Science Fiction, Music, Comics. The Secret Origin of Comics Criticism.

nostalgia journal comics journal

Cross-contamination

I stumbled on the following a while ago on Blissblog:

“Along with the many cross-contaminations between rock-etc and s.f., one thing that Heller’s book reminded me of was that many of the very earliest rock criticism publications were started by people who had previously done science fiction fanzines.
 
Intensely self-reflexive fields, rock criticism and science fiction share a strange mix of inferiority and superiority complexes. Painfully aware of their marginal position vis-à-vis “proper” journalism and “respectable” literature, they nonetheless believe that they are doing the Most Crucial Writing of Our Time. I can remember from my own days as an adolescent s.f. fanatic being struck by the s.f. writer’s culture of workshops and conventions – by how the writers loved to write essays defining s.f. as a genre, proclaiming its unique contribution to literature. There were even a few volumes of essays by s.f. writers debating s.f. that I remember reading.

Simon Reynolds | Blissblog

This. This exactly describes me during High School. Except replace music with comics. I took pains to let everyone know that comics were the most important thing. I’m sure it was very annoying. Whenever I had to write essays about books in English class, I tried to convince my teachers to let me write about X-Men, Spider-Man, Fantastic Four, and whatever else I was reading at that time. Most of the time I was shut down, but a few teachers indulged as long as I could ‘prove’ to them that comics weren’t just kid’s stuff. Actually that was crucial. It challenged me to look at comics somewhat differently, and probably led to my actively seeking out better comics to impress my teachers.

Every Page a Painting

Kid Eternity by Grant Morrison and Duncan Fegredo

I have a pretty intense memory of showing Kid Eternity to my teacher. This is the Grant Morrison & Duncan Fegredo 90’s revamp with fully painted art. I remember challenging my teacher to look closely at the art. “It’s all painted” I’d say. “EVERY page is a full painting! Imagine if Michaelangelo had to paint the Sistine Chapel, over and over again, and tell the whole story in that famous painting.” I was definitely already a Science Fiction fan at this point. In Poland, I’d collected the magazine Fantasyka, which serialized sci-fi novels and comics. In the US, I read whatever sci-fi my library had on hand. Harry Harrison, Asimov, Pohl, Piers Anthony, David Eddings, Heinlein, Lem, etc.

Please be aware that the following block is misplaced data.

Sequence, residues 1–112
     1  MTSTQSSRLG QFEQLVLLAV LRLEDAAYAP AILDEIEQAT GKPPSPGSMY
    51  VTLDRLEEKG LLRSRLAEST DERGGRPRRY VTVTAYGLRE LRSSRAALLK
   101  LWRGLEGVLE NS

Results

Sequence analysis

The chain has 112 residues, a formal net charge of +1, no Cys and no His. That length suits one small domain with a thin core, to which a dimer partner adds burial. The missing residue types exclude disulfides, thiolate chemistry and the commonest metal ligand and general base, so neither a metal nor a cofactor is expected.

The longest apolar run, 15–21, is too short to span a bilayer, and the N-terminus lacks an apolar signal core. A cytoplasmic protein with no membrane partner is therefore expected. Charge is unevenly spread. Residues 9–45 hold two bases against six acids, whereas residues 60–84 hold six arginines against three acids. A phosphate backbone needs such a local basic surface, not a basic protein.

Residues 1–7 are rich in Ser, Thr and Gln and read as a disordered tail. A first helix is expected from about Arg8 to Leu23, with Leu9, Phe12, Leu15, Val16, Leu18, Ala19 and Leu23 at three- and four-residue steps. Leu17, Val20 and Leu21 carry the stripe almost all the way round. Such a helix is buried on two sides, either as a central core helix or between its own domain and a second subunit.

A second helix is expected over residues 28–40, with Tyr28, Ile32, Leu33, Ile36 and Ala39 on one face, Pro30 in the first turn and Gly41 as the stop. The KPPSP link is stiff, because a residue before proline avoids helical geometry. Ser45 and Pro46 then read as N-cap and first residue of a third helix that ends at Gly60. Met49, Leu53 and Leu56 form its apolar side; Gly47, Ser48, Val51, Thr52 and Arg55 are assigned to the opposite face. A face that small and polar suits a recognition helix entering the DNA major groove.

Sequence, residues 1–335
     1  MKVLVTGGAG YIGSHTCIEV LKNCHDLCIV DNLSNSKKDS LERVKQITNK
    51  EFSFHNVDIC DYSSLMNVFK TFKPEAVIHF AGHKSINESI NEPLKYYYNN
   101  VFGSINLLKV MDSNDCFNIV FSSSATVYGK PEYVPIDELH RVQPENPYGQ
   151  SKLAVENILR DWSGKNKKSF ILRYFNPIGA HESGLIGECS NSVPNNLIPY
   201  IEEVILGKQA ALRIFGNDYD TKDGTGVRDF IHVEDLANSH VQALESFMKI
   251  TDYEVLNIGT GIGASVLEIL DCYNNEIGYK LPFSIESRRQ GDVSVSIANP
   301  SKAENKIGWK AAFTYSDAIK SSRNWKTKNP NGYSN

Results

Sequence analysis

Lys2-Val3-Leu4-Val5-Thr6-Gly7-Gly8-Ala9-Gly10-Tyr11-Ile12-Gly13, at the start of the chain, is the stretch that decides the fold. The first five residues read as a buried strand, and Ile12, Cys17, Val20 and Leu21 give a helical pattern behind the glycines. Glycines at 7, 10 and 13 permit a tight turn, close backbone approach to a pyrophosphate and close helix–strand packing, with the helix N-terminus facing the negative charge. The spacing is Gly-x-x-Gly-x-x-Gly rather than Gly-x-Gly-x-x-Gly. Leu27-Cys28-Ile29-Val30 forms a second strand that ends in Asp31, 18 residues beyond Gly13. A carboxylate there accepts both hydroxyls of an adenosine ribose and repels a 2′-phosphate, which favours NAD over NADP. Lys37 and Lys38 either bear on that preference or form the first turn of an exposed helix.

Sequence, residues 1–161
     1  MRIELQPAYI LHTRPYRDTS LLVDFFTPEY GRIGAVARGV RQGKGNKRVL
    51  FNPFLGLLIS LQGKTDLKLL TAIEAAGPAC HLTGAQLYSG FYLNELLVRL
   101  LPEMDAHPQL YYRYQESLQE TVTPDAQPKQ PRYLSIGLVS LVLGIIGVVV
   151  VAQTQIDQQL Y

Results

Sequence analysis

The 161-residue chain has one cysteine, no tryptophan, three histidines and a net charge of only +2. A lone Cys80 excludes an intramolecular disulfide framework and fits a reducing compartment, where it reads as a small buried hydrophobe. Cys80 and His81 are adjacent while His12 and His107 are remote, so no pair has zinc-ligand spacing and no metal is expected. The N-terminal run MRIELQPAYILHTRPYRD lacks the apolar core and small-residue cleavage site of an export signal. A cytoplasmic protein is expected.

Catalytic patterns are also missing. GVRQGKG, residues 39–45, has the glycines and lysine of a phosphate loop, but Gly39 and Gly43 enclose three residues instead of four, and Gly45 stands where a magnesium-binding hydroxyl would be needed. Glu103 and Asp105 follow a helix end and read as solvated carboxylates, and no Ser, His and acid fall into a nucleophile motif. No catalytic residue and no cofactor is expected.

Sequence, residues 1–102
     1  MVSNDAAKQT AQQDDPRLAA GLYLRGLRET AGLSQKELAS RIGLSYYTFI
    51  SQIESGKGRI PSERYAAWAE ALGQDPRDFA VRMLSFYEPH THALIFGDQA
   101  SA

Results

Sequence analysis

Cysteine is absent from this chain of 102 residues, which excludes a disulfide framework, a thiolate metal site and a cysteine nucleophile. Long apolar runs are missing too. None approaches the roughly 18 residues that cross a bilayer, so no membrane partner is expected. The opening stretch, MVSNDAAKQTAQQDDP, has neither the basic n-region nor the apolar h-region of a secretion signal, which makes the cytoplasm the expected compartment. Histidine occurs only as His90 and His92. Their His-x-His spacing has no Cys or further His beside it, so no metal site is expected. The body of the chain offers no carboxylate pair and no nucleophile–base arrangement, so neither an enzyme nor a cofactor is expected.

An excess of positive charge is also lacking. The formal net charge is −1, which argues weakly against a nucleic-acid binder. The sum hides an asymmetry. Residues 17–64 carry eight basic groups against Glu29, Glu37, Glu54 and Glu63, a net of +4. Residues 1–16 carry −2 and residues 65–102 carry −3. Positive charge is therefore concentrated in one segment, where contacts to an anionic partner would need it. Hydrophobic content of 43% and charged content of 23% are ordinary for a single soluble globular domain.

Sub-Genre of Utopia

To speculate wildly here… if we follow Fredrick Jameson’s assertion from Archaeologies of the Future, and think of Science Fiction as a sub-genre of the utopian novel (not the other way around), then sci-fi retains a utopian imaginary somewhere underneath all of the technological dress up. Sci-fi at it’s core imagines and extrapolates different worlds/futures based on different customs, different technologies, different environments (planets), etc. It’s easy to imagine young brains blown to bits by science fictional speculations.

I don’t think that I was consciously doing this at the time, but in retrospect, I must have been thinking about comics as some kind of major human innovation. The comics I was reading were not perfect, but I imagined a different future, where comics were the dominant literature. It’s a science fictional extrapolation. Take something small and insignificant from today, and imagine it as a dominant form in the future. Or at least, as something that has the capacity to become that.